7.  Lack of customer focus has been one of the main problems that has bedevilled the asylum system under the UK Border Agency. We welcome the interim Director General of UK Visas and Immigration's commitment to a more customer-focused approach to asylum applications, and her acknowledgement that this approach is all the more important because of asylum seekers' vulnerability. We recommend that the Home Office carry out regular customer satisfaction surveys among asylum applicants and the groups who support them in order to monitor progress in this area. (Paragraph 34)

Concerns about the Asylum Operating Model

8.  It is too early to assess the impact of the new Asylum Operating Model which was introduced in April 2013 but it is clearly a cause of concern among those who work with asylum seekers. The risk is that the model becomes too dependent on decisions made at a very early stage in the process which might, as further information becomes available turn out to have been based on mistaken assumptions. It is highly doubtful, in our view, that an initial screening interview will always provide enough reliable evidence to establish the chances of an application being granted. This could lead to the generation of further backlogs if cases are allocated to the wrong decision pathway and it is important to ensure that, where the initial decision as to the appropriate pathway proves to be wrong, the case can be moved to the correct one. We recommend that the Home Office issue clear guidance to case-handlers as to when cases should be transferred between pathways. (Paragraph 36)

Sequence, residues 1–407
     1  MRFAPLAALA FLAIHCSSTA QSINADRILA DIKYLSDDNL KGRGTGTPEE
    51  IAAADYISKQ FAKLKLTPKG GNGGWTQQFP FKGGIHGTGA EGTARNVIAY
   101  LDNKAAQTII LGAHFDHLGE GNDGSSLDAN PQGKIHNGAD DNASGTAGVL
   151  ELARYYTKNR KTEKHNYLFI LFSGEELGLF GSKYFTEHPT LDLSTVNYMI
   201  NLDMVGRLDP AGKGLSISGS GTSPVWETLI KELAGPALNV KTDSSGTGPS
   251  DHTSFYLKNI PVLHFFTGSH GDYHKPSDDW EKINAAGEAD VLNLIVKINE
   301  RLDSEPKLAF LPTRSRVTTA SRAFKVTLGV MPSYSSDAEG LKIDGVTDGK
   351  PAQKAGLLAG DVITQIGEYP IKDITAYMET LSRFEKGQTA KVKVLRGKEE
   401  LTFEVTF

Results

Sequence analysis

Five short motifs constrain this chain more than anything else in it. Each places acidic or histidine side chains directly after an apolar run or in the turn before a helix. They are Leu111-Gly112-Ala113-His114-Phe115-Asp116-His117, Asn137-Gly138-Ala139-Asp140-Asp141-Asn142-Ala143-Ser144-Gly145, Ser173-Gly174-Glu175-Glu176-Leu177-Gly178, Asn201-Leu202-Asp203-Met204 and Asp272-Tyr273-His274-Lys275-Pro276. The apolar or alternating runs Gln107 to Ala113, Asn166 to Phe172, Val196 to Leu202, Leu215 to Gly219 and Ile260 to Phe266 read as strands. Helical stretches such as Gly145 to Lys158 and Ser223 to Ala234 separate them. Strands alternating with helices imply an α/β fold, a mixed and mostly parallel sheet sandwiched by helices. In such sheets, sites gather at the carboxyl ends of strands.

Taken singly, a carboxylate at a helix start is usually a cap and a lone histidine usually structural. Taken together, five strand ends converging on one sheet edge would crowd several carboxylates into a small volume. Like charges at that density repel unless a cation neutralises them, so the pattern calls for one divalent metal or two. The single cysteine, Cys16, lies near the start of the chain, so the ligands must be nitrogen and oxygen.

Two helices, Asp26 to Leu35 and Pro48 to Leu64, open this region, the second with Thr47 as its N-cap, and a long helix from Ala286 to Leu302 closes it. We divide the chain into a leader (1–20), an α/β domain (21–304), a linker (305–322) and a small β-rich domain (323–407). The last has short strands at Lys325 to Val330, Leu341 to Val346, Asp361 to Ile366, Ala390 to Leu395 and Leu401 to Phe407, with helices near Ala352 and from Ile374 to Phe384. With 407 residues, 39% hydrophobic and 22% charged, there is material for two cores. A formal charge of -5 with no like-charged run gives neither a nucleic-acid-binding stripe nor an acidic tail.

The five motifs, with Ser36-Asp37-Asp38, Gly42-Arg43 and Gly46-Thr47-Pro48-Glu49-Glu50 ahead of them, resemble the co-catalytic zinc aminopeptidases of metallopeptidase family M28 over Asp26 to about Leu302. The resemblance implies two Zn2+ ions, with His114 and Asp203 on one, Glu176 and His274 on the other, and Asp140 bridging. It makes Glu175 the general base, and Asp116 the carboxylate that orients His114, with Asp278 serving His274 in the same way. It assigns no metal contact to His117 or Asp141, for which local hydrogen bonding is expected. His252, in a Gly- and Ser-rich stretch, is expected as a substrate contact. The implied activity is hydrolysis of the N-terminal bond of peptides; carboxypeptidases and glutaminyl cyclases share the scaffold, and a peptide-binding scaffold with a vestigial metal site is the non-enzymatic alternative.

Country of Origin information and Country Policy Bulletins

9.  It is disappointing that the Home Office has to be ordered to amend its Country Policy Bulletin on Sri Lanka by the Upper Tribunal when those changes are based on a UNHCR report of which the Home Office must have been aware. We are concerned that that the previous guidance was published just a day before the UNHCR report which implies at the least a lack of effective communication with the UNHCR. We recommend that in future Home Office Operational Guidance Notes, Country Policy Bulletins and Country of Origin Information reports contain reference to the latest UNHCR publications on the relevant country where appropriate and that the Home Office and UNHCR seek to improve liaison in these matters. (Paragraph 43)

10.  We recommend improved integration of country of origin information provision and the country specific litigation team within the Home Office. Where possible, a particular individual should review all new guidance relating to the same country before it is issued. (Paragraph 44)

Gender-related persecution and gender sensitivity within the asylum system